The opportunities here are tremendous, and so is the demand for workers.
That was the theme of a meeting between faculty members in Onondaga Community College's School of Technology, Engineering & Computing, area high school instructors, and industry representatives. "We wanted high school teachers to see the programs we offer, encourage them to make connections with their schools and students, and for educators to understand the industry need for the students who come through the programs we offer," said Professor Ryan Beckley, Chair of OCC's Automotive Technology degree program.
Beckley and Professor Gino Duca organized the event which was held after hours September 14 in the Whitney Applied Technology Center. Teachers who attended were part of the Master Teacher Program, a statewide network of STEM instructors.
The event began with an overview of the 17 degree and certificate programs offered in the School of Technology, Engineering & Computing, each of which prepares students to enter the workforce and/or prepares them to transfer into four-year degree programs. That was followed by a conversation with industry representatives who discussed the critical need for workers both now and in the future as older employees retire, and a shrinking number of people apply for jobs. One employer mentioned that in past years they would receive 30 applications for every job opening, and now those numbers have reversed. Event attendees were also given a tour of facilities in the School of Technology, Engineering & Computing.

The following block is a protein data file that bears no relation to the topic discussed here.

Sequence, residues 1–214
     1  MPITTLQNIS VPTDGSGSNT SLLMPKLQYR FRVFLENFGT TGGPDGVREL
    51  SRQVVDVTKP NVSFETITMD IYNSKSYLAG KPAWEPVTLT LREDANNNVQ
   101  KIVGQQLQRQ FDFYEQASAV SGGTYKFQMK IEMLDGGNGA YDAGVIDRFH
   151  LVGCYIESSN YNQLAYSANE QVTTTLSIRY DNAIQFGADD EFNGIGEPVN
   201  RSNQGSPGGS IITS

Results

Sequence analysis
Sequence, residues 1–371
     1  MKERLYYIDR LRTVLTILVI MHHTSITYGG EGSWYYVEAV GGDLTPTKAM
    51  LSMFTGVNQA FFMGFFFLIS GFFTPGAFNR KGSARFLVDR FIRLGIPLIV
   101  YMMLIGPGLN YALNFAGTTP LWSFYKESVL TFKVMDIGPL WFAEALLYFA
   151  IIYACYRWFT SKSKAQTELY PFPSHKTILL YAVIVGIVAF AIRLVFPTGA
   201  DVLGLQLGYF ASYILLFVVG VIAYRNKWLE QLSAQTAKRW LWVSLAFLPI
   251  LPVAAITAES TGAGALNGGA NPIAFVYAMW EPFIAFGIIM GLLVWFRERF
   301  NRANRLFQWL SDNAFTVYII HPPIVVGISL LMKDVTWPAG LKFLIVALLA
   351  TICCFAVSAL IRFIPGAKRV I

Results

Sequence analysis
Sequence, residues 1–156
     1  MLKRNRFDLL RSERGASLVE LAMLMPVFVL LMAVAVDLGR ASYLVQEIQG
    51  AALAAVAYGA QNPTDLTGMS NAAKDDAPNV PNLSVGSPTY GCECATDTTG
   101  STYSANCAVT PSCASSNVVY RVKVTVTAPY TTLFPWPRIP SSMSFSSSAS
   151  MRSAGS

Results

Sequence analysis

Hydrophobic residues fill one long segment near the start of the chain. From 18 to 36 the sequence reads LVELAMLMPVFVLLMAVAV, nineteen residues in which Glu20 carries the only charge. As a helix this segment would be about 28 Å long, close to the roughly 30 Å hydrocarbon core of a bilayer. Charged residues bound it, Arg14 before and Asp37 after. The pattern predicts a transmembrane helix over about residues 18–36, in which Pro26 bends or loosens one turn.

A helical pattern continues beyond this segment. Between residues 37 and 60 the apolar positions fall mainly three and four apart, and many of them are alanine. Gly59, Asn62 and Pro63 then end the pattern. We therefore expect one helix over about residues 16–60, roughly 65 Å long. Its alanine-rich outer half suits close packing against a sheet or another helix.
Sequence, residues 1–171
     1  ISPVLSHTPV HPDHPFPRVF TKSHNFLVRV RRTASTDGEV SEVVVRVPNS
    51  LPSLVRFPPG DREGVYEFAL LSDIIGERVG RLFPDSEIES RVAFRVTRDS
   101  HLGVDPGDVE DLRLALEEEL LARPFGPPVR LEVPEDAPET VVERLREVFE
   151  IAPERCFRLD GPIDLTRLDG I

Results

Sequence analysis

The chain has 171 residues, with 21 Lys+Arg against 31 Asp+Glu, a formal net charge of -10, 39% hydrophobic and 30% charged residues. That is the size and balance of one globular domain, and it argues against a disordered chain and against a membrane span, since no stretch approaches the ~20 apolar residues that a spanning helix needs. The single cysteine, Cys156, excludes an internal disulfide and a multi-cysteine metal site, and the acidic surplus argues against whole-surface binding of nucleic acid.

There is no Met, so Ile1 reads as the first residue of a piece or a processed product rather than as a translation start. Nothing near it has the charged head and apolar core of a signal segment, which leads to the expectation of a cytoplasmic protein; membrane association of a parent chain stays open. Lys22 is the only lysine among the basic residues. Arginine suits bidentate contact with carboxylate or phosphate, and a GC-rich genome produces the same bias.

The resounding message was that workers are needed, and OCC can provide the education to help students wind up in rewarding careers. "So many of these jobs are recession proof and artificial intelligence proof," said Beckley. "In 5 to 6 years you can be making $80,000 to $100,000. If your car breaks down, you will always need a person to work on it."